Take the 2-minute tour ×
Stack Overflow is a question and answer site for professional and enthusiast programmers. It's 100% free, no registration required.

In my PHP application I need to read multiple lines starting from the end of many files (mostly logs). Sometimes I need only the last one, sometimes I need tens or hundreds. Basically, I want something as flexible as the Unix tail command.

There are questions here about how to get the single last line from a file (but I need N lines), and different solutions were given. I'm not sure about which one is the best and which performs better.

share|improve this question
$file = file('filename.txt'); echo $file[count($file) - 1]; –  Winston Feb 22 '13 at 14:01
@Winston Basically that's solution #1 in my answer. Check it out, for big files it's absolutely to avoid! –  lorenzo-s Feb 22 '13 at 14:03

1 Answer 1

up vote 73 down vote accepted

Methods overview

Searching on the internet, I came across different solutions. I can group them in three approaches:

  • naive ones that use file() PHP function;
  • cheating ones that runs tail command on the system;
  • mighty ones that happily jump around an opened file using fseek().

I ended up choosing (or writing) five solutions, a naive one, a cheating one and three mighty ones.

  1. The most concise naive solution, using built-in array functions.
  2. The only possible solution based on tail command, which has a little big problem: it does not run if tail is not available, as on non-Unix (Windows) or on restricted environments that does not allow system functions.
  3. The solution in which single bytes are read from the end of file searching for (and counting) new-line characters, found here.
  4. The multi-byte buffered solution optimized for large files, found here.
  5. A slightly modified version of solution #4 in which buffer length is dynamic, decided according to the number of lines to retrieve.

All solutions work. In the sense that they return the expected result from any file and for any number of lines we ask for (except for solution #1, that can break PHP memory limits in case of large files, returning nothing). But which one is better?

Performance tests

To answer the question I run tests. That's how these thing are done, isn't it?

I prepared a sample 100 KB file joining together different files found in my /var/log directory. Then I wrote a PHP script that uses each one of the five solutions to retrieve 1, 2, .., 10, 20, ... 100, 200, ..., 1000 lines from the end of the file. Each single test is repeated ten times (that's something like 5 × 28 × 10 = 1400 tests), measuring average elapsed time in microseconds.

I run the script on my local development machine (Xubuntu 12.04, PHP 5.3.10, 2.70 GHz dual core CPU, 2 GB RAM) using the PHP command line interpreter. Here are the results:

Execution time on sample 100 KB log file

Solution #1 and #2 seem to be the worse ones. Solution #3 is good only when we need to read a few lines. Solutions #4 and #5 seem to be the best ones. Note how dynamic buffer size can optimize the algorithm: execution time is a little smaller for few lines, because of the reduced buffer.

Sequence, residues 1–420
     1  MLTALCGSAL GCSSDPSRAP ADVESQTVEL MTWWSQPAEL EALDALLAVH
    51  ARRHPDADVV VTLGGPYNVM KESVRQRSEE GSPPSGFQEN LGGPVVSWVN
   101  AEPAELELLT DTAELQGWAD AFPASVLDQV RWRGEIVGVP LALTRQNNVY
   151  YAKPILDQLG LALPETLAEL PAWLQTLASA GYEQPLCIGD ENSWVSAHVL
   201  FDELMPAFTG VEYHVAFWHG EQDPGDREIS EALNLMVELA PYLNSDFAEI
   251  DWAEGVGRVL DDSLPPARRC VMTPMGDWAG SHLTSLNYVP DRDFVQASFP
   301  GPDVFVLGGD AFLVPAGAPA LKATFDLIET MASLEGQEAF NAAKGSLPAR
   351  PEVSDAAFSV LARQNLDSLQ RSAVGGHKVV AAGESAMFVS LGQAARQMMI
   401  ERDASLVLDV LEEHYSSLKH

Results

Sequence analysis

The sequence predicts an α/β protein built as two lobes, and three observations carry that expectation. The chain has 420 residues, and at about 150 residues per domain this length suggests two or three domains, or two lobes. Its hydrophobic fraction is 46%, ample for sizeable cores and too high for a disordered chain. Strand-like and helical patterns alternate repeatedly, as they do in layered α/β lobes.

Let's try with a bigger file. What if we have to read a 10 MB log file?

Execution time on sample 10 MB log file

Now solution #1 is by far the worse one: in fact, loading the whole 10 MB file into memory is not a great idea. I run the tests also on 1MB and 100MB file, and it's practically the same situation.

And for tiny log files? That's the graph for a 10 KB file:

Execution time on sample 10 KB log file

Solution #1 is the best one now! Loading a 10 KB into memory isn't a big deal for PHP. Also #4 and #5 performs good. However this is an edge case: a 10 KB log means something like 150/200 lines...

You can download all my test files, sources and results here.

Final thoughts

Solution #5 is heavily recommended for the general use case: works great with every file size and performs particularly good when reading a few lines.

Avoid solution #1 if you should read files bigger than 10 KB.

Solution #2 and #3 aren't the best ones for each test I run: #2 never runs in less than 2ms, and #3 is heavily influenced by the number of lines you ask (works quite good only with 1 or 2 lines).

share|improve this answer
+1 For an answer with very good effort :) –  Ja͢ck Feb 22 '13 at 14:05
Good to see my solution was a pretty good one ;) –  Svish Mar 18 '13 at 20:58
Btw, how about putting the code on BitBucket or something instead of in an annoying zip file? :p –  Svish Mar 18 '13 at 21:05
@Svish The code is on a GitHub Gist. If you are talking about the whole test files, I think it's unnecessary to put them in a repo... About the optimization: I really wanted to focus on performances because I had to use that code very intensely for few lines reading (less than 10). So, a large buffer seemed unnecessary to me. Note that axis are logarithmic: for few lines a reduced buffer means half the execution time! –  lorenzo-s Mar 18 '13 at 21:33
Very thorough analysis! Thanks! –  ClubbedAce Jan 9 '14 at 18:13

Your Answer


By posting your answer, you agree to the privacy policy and terms of service.

Not the answer you're looking for? Browse other questions tagged or ask your own question.